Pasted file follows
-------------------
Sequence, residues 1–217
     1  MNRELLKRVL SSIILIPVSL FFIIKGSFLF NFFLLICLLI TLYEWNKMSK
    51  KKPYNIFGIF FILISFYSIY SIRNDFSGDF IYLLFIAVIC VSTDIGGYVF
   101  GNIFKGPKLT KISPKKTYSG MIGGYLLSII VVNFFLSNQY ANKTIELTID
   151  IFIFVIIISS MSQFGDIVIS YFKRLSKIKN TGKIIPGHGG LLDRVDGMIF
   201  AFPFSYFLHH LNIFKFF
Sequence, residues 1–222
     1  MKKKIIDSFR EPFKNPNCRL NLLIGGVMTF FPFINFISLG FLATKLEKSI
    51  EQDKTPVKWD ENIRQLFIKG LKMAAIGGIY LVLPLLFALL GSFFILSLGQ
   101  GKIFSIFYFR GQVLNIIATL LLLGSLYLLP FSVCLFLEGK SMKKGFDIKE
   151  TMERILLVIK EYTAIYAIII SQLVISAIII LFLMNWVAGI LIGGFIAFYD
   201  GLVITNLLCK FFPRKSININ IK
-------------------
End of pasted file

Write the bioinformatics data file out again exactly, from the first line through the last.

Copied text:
Sequence, residues 1–217
     1  MNRELLKRVL SSIILIPVSL FFIIKGSFLF NFFLLICLLI TLYEWNKMSK
    51  KKPYNIFGIF FILISFYSIY SIRNDFSGDF IYLLFIAVIC VSTDIGGYVF
   101  GNIFKGPKLT KISPKKTYSG MIGGYLLSII VVNFFLSNQY ANKTIELTID
   151  IFIFVIIISS MSQFGDIVIS YFKRLSKIKN TGKIIPGHGG LLDRVDGMIF
   201  AFPFSYFLHH LNIFKFF
Sequence, residues 1–222
     1  MKKKIIDSFR EPFKNPNCRL NLLIGGVMTF FPFINFISLG FLATKLEKSI
    51  EQDKTPVKWD ENIRQLFIKG LKMAAIGGIY LVLPLLFALL GSFFILSLGQ
   101  GKIFSIFYFR GQVLNIIATL LLLGSLYLLP FSVCLFLEGK SMKKGFDIKE
   151  TMERILLVIK EYTAIYAIII SQLVISAIII LFLMNWVAGI LIGGFIAFYD
   201  GLVITNLLCK FFPRKSININ IK